THE big moment is just three days away and many of us will be off to a street party this weekend.
Fun food and celebration drinks are on the menu, of course, with royal fans competing to stage the best bashes.
But what are the dos and don’ts of hosting?
Etiquette coach William Hanson tells Abigail Wilson how to get it right.
CURATE GUEST LIST
Small talk is what British do best. It’s an Olympic sport as far as we are concerned and Coronation parties are a fantastic opportunity for just that.
You must invite your neighbours to your party, whether you want to or not. That’s par for the course of being British. But be sensible.
There’s no ideal number of guests to have at your party, as it depends on space.
If you have got a tiny microwave and no oven, you need to cater within your means.
Similarly, if you’re having an indoor event and have a table that sits six, don’t invite ten people.
And don’t let the stress of it drive you into an early grave.
CALL IT A DAY AT 5PM
Have your party as a daytime thing.
Start at 1pm and make it clear in advance that you are only hosting for a couple of hours — then have everyone gone and get it all cleared up by 5pm.
If socialising with neighbours, you don’t want to be with them for so long that rows break out.
It’s about quality, not quantity — and remember, do not engage in debate about the monarchy.
PUT THE BARBECUE AWAY
It really depends on what time of day you are having your party, as to what food you should serve.
If you are having lunch, you will probably want more than high tea, so opt for good old British produce the King would approve of — cottage pie, shepherd’s pie, chilli, those sorts of thing.
If your event is in the mid to late afternoon, having Coronation quiche, sandwiches, scones, cakes and so on is probably better.
Homemade food is better if you can make it. Otherwise, buy a quiche from the supermarket, it’s no problem.
But I can’t stress this enough — avoid all American food. This is a British event. Don’t have hotdogs and burgers.
STICK TO CLASSY BOOZE
When it comes to alcohol, know your limits.
If you are aware that after three gin and tonics you are going to be anybody’s, stick to two or switch over to a non-alcoholic alternative.
No event is ever worth the feeling of shame the next day.
To host the best soiree, serve champagne or sparkling wine.
The King likes a martini and Queen Camilla a bit of claret, so you could drink these to be authentic. For non-drinkers, try good sparkling iced tea.
And remember, nothing turns a sophisticated event trashy more than shots. You’re not in a nightclub, you don’t need flaming sambucas.
When it comes to chairs, it’s better to tell people: Bring your own.
Don’t waste money hiring them.
Your bottom is going to get numb after about half an hour sitting on a plastic chair, as they are usually like those you get at a Year Six disco.
Even though we live in an Instagram age where, in theory, certain people think everything needs to match and co-ordinate, sometimes it’s really smart to have things that don’t quite go together.
So don’t worry yourself about having mis-matched chairs.
AVOID A FLAG FAUX PAS
I would expect flags and bunting at Coronation events.
They are patriotic and this is a national occasion, after all. But Union Jack flags are preferable to just English ones.
And if you are going to display them, get them the right way round. In the top left corner, the wider white stripe should be on top.
A flag that is upside down shows that the country is in distress, and we want to be celebrating our country.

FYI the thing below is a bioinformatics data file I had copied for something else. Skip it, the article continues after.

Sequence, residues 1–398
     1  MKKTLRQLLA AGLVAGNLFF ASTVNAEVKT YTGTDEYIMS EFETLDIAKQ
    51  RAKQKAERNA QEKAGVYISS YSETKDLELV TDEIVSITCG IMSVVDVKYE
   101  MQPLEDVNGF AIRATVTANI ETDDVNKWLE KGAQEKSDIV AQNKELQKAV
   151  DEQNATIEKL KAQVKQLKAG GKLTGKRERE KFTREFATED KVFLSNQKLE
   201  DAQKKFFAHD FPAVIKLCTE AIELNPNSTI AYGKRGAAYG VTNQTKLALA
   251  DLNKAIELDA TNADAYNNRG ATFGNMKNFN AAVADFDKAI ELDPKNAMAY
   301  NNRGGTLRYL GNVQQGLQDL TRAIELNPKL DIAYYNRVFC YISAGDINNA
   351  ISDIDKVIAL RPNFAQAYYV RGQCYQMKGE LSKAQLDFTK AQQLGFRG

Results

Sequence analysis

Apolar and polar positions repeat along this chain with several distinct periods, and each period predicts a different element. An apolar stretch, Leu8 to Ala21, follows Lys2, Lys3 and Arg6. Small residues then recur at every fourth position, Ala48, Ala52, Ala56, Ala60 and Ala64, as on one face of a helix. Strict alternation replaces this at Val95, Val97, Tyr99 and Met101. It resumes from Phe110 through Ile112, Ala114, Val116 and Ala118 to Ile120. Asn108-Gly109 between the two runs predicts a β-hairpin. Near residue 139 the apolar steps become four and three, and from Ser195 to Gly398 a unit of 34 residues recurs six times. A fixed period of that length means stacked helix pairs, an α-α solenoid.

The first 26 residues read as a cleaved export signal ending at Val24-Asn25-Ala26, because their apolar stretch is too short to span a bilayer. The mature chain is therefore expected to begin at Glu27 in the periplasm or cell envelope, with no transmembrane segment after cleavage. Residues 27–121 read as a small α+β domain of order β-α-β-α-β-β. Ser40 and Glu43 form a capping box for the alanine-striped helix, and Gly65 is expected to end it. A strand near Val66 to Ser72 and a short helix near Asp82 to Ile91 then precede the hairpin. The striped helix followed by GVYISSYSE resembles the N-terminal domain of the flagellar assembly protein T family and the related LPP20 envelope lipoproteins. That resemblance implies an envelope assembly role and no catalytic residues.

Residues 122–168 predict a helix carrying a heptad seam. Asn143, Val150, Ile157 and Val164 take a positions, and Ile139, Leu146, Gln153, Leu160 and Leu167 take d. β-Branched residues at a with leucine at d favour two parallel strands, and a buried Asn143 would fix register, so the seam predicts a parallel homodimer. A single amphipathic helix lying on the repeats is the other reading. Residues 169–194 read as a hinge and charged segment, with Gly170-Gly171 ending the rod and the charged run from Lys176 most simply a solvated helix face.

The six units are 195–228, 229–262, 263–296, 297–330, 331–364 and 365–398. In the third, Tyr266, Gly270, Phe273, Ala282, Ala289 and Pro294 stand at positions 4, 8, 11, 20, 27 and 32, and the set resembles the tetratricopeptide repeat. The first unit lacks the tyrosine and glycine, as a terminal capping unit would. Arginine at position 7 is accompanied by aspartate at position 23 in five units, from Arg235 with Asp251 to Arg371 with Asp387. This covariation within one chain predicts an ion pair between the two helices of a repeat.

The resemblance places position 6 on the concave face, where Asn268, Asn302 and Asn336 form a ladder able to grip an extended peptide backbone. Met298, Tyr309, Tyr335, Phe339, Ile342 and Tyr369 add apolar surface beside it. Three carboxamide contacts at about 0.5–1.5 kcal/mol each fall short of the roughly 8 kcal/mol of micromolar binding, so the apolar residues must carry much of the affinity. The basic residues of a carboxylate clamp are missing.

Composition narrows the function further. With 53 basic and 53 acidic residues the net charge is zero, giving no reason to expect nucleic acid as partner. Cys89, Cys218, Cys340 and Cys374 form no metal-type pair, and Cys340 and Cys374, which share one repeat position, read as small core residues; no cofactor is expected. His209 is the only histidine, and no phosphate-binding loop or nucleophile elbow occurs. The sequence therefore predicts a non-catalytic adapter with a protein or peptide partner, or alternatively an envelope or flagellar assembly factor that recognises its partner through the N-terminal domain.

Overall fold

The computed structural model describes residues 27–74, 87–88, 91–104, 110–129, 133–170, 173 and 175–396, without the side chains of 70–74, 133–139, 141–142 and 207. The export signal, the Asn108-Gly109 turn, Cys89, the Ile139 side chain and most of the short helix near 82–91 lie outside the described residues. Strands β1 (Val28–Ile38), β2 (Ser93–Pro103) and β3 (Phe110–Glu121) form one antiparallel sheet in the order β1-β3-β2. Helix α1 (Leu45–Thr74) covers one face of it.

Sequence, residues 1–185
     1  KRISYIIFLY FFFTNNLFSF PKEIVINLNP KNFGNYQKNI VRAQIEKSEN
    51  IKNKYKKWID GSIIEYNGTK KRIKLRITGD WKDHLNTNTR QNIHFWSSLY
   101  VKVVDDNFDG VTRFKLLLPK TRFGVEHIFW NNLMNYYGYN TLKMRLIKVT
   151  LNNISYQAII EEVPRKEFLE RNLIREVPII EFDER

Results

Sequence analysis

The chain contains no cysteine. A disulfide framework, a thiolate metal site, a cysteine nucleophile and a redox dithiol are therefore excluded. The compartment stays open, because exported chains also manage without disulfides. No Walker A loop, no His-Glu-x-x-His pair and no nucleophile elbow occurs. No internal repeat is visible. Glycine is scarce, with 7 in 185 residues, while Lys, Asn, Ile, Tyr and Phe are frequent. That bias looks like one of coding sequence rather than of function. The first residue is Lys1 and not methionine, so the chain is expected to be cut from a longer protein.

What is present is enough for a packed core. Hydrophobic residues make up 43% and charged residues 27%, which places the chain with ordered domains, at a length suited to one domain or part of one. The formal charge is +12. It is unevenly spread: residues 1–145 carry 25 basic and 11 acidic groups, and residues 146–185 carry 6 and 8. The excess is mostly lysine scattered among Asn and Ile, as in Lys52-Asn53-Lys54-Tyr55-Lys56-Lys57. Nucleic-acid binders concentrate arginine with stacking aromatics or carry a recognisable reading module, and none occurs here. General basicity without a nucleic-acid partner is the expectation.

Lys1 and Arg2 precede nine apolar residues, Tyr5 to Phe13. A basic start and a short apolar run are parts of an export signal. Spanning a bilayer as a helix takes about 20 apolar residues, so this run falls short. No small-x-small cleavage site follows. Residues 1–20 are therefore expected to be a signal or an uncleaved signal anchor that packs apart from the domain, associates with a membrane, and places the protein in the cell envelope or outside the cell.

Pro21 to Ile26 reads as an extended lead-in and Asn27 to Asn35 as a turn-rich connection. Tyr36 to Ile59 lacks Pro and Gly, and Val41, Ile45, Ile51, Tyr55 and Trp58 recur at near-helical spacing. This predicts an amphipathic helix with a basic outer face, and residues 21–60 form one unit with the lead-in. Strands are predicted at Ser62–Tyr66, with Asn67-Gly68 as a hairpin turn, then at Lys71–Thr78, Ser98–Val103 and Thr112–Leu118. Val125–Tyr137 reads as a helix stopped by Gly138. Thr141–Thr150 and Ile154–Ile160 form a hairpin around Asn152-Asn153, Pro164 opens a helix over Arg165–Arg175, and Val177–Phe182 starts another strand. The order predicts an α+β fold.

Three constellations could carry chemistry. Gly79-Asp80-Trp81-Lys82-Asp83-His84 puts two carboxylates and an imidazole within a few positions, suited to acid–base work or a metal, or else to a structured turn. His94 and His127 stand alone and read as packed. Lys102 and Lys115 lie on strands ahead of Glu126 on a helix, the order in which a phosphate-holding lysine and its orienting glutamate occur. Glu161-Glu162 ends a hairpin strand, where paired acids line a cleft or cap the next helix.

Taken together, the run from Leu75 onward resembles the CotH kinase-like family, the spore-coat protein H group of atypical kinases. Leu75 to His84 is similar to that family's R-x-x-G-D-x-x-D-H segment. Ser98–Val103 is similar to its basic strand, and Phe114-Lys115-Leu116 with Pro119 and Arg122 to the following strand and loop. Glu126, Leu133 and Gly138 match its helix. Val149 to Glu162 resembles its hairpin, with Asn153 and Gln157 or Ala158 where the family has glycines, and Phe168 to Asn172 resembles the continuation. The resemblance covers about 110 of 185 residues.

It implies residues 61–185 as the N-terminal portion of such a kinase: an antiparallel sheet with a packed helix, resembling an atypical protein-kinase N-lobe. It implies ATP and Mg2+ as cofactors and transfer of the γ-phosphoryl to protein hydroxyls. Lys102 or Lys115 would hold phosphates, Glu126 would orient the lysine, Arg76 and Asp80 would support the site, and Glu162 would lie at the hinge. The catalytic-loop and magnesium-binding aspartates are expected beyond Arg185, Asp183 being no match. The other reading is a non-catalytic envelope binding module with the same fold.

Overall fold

For extra decoration, pick some flowers from your garden.
This is a nice and sustainable way to go. But it’s a firm no to faux flowers.
BRING OUT THE CHINA
We know the King has been passionate about the environment for longer than most people — so ditch the plastic in his honour.
Proper china plates, and silver or stainless-steel cutlery, are always going to be preferable to disposable plastic.
They are also much easier to use and to eat your Coronation quiche with.
So, ditch the plastic but do paper plates if you must.
NO ROYALS ALLOWED
When it comes to decorations, lifesize cardboard cut-outs of the royals that you can buy on Amazon are tacky. I’m not a fan.
I certainly wouldn’t have them. They’re going to blow over, anyway, and it’s a terrible waste of £30, and paper.
You get amusement out of them for about 20 seconds then nobody cares. And avoid face masks with royals’ faces on, they’re also a waste of resources and money.
People wear them for two minutes and then realise it is really uncomfortable having a piece of paper strapped to their face.
You can’t eat and can’t really talk with them on.
They are tacky and pointless.
If you are wondering how to decorate your table, just know I hate table runners. They are awful.
They are a runway of bad taste and are downmarket.
It’s a tablecloth or it’s not — a runner looks like a tablecloth you have shrunk in the wash.
Royals always dine with a tablecloth, be it linen, damask or cotton. This is always going to be more sophisticated.
TURN THE MUSIC DOWN
When it comes to the music, keep your playlist family friendly.
We do not want any songs with rude words, or any overly sexualised songs — Charles would just hate that.
Have British classics blaring out, and start and end with God Save The King.
The King has a broad taste in music, so create a playlist of artists performing at the Coronation concert at Windsor, with songs by Lionel Richie, Take That and Katy Perry.
But I don’t think the royal household are big into rapping or twerking, and we definitely don’t want a mosh pit. Make sure, too, to avoid anything with anti-royal sentiment.
The key with any music is that it is there to underscore the conversation, so don’t have it so loud that people can hear it four streets away.